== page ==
Even though disabilities are complex, the following proven Disability Strategies can help you adjust to a disability. They are not a “cure all”, but they can make life much easier. Making the right choices, armed with information and helpful resources, a good support system, and positive outlook, you may be able to find ways to turn negatives into positives. You cannot always choose what happens to you, but you can choose how you see things. You can choose to move forward with whatever resources and abilities you have.
If a disability begins before, during, or after birth, adjustment is different than it is for a disability that happens later in life. If you were born with a disability, you learned to cope with limitations from the beginning. You may not see the limitations as a loss of something that you had before. If your disability is sudden and abrupt, and you lose the ability to do things you were able to do before the trauma, or look differently than you did before, adjustment is more difficult. You need to learn to Disability Strategies to help you adjust to your new circumstances, learn coping skills to move forward, and find a satisfying new life. If you are in midlife, adjustment may be more difficult.
Be patient with yourself and others around you, this is new to you and to them, as well. Find someone who will listen to you tell, and retell what you experienced and how you feel. Find medical, mental health, rehabilitation, and financial resources to help cope with limitations facing you. Strengthen, build, or rebuild a strong support system made up of people who accept you unconditionally.
You can expect to go through several stages as you adjust to a disability. You will primarily be in one stage or another, and you will move back and forth from one to another stage. Be prepared for many changes. Shock, denial, anger, bargaining, grief, mourning, depression (anger focused inward), acceptance, and adjustment are normal reactions to a traumatic event. It is normal to ask, “why me?” following trauma. That is part of the shock reaction. Traumatic events often cause thoughts of self-injury. If you see signs of distress, seek help immediately. If you focus on your disability and losses, that indicates a problem. Detaching from friends and family is another sign of distress. Difficulty in decision-making, or inability to decide, indicates distress. Use of drugs or alcohol to alter your state of consciousness is another sign of distress.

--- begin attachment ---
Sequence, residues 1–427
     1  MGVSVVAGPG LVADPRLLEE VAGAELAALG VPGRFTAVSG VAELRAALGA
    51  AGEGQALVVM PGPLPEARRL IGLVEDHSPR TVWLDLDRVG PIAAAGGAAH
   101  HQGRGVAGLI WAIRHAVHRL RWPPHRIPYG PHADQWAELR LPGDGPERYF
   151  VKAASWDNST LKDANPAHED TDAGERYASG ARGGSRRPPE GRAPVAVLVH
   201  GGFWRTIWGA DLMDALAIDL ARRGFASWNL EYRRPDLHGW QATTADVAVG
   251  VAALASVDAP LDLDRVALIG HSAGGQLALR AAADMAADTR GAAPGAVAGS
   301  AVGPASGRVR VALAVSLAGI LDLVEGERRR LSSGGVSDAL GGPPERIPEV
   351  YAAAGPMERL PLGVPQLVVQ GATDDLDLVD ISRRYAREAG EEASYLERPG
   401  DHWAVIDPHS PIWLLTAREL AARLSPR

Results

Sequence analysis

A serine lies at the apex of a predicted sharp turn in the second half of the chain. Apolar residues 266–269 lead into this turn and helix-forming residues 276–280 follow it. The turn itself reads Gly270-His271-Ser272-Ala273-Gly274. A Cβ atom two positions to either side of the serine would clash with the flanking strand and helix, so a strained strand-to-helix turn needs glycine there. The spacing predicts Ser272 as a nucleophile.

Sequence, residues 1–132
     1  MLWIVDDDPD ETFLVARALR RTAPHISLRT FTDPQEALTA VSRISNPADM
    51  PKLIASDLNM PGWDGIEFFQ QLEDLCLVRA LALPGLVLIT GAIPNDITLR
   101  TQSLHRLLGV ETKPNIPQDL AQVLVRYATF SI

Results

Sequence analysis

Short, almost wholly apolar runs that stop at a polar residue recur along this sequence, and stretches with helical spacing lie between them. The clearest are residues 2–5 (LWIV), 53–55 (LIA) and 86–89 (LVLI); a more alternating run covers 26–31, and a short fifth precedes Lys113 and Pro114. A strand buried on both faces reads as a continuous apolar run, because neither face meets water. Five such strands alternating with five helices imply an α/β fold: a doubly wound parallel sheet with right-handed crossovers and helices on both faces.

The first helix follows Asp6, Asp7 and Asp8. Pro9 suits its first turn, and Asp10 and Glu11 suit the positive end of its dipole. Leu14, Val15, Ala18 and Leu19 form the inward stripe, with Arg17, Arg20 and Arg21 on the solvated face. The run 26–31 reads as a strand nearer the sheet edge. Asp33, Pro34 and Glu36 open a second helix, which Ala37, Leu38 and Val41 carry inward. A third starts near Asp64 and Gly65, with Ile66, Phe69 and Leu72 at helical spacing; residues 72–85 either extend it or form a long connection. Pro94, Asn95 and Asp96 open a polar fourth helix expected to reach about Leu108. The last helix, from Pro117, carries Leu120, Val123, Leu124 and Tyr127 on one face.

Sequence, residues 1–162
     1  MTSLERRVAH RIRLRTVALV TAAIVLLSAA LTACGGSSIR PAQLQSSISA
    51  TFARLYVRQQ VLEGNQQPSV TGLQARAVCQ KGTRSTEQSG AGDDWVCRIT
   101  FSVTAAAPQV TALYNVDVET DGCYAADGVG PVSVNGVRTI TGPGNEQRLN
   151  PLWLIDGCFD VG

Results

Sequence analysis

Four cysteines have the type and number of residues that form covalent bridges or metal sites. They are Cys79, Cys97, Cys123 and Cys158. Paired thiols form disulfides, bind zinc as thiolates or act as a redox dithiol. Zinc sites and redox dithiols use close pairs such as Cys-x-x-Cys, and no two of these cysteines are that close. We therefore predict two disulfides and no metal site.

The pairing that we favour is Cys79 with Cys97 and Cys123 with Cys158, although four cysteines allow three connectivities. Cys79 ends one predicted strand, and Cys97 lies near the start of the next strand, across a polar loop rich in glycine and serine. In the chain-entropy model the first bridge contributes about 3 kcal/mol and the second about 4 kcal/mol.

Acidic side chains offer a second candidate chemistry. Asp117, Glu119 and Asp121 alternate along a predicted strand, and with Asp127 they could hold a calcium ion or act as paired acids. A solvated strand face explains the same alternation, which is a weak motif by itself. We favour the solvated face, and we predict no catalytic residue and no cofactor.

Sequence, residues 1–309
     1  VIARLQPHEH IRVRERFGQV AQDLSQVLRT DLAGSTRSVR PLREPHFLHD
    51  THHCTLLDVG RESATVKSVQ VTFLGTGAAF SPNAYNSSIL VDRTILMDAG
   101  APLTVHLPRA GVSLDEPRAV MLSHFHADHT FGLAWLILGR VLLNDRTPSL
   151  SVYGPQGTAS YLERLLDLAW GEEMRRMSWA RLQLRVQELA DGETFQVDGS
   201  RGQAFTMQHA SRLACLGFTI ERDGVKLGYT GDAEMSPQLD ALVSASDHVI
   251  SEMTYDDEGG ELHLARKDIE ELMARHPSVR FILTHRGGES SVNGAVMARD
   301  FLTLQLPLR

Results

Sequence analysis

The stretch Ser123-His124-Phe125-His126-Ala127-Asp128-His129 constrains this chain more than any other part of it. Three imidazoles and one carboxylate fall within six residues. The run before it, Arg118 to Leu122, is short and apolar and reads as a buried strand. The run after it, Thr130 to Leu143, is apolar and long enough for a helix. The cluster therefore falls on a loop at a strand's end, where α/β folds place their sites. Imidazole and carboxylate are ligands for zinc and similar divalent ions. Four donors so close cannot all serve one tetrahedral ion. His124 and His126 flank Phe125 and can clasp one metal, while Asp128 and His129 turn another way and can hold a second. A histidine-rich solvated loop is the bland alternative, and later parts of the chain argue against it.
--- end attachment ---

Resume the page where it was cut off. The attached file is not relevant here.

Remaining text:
Trauma and disability bring feelings of loss of power and control, resulting in anger. Angry people often want to retaliate against the source of their anger. They may react towards others with anger, hostility, bitterness, resentment, and passive aggression toward people and circumstances in life. Becoming skeptical, not being willing to accept changes, and being opinionated are attempts to gain power and control. To say that it is difficult having a disability is an understatement. It can also be very difficult working with anyone who is angry, hostile and rebellious, verbally or physically aggressive. Counselors can help by teaching anger management skills, relaxation techniques, give hope, encouragement, and support using proven Disability Strategies.
The best predictor of future behavior is past history. A person, who was positive before a disability, will probably find positive ways to cope with a disability. A physical or cognitive disability added to life makes all other areas of life more difficult. If a sense of value, worth and self-esteem comes from appearance and ability, it is more difficult to adjust to a disability and loss of capability. A less severe disability or disfigurement is more traumatic to a person with narcissistic personality tendencies. Depression before a disability creates more difficulty, adjusting to disability. Focus on abilities; positive character and personality traits help adjustment.
What appears to be a benefit can often prevent or interfere with adjustment and rehabilitation. Disincentives to recovery may be expecting financial compensation, being “excused” from housework or work responsibilities, attention from family and friends, anxiety reducing or euphoria producing medication, and having others do things that the person is capable of doing for him or herself.
Hopefully, the Disability Strategies you have just read will help you navigate the complexities of disability and adjustment to it. You can move forward knowing that you are valuable. You can make positive choices for your life focusing on abilities.
“Ann D. White, M.A., CRC, BCCC June, 2008”